Leukemia ended her competitive golf career prematurely and took Sally Sessions in 1966 at the age of 43, but not before she was one of the original founding members of the LPGA Tour.
The Muskegon native was a standout tennis player, who also played basketball and softball before taking up golf seriously at age 16. She tied for second playing as an amateur in the 1947 U.S. Women’s Open Championship, which was the second of the national championships for women golfers. Betty Jameson won by six shots at Starmount Forest Country Club in Greensboro, N.C., with Sessions and another amateur, Polly Riley, finishing second.
Sessions, who went on to the University of Michigan, won numerous local titles, including three Spring Lake Invitationals at Spring Lake Country Club in 1942, ’46 and ‘47. The Spring Lake event, an invitational of top women golfers and a prestigious event that continues today, was also won by Sessions’ mother, Helen (1919 inaugural tournament). The young Sessions made golf news when she shot a record 68 during a Spring Lake qualifying round in ‘46 while playing with golf legend Babe Zaharias.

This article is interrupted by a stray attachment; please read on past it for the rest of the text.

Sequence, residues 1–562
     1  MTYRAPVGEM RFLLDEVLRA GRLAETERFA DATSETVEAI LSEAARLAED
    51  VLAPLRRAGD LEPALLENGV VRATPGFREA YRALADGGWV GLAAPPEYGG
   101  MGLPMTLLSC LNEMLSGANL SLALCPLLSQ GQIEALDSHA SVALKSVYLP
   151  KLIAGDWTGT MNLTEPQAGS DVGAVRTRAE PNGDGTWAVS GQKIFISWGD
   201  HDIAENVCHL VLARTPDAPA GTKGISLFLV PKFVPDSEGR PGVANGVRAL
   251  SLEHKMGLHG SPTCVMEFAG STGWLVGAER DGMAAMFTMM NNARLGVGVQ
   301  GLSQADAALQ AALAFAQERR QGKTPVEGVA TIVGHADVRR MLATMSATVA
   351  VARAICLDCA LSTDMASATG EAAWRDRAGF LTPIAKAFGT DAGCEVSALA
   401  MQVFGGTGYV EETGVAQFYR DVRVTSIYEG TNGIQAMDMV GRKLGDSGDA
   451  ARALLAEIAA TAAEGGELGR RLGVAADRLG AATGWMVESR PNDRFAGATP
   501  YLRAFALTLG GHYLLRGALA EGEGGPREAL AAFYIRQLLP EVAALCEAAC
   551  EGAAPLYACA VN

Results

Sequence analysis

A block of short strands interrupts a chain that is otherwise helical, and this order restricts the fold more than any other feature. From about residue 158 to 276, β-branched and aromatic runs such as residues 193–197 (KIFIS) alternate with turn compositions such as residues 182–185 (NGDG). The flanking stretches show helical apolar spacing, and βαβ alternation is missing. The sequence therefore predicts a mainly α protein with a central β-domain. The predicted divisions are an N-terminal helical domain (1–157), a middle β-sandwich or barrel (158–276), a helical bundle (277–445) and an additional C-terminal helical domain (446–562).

On the state scene, Sessions won what was then considered the state junior championship in 1941 and claimed what is now known as the Michigan Women’s Amateur Championship in 1946 at Detroit Golf Club. In Muskegon sports lore she is remembered for having won the city tennis and golf titles for women on the same day in 1942.
She took her game international, too, winning the Mexican Women’s Open in 1946, and in 1947 she made headlines by being the first woman to break the men’s par standard of 72 with a 69 at Pinehurst Country Club during a Christmas tournament.
She turned professional in 1948, and sponsored by Wilson Sporting Goods in 1950, took to the LPGA Tour. She didn’t win as a professional, and leukemia soon forced her to give up competitive golf. She then worked in the Detroit Public Schools as an athletic director and lived and worked in Detroit until her death.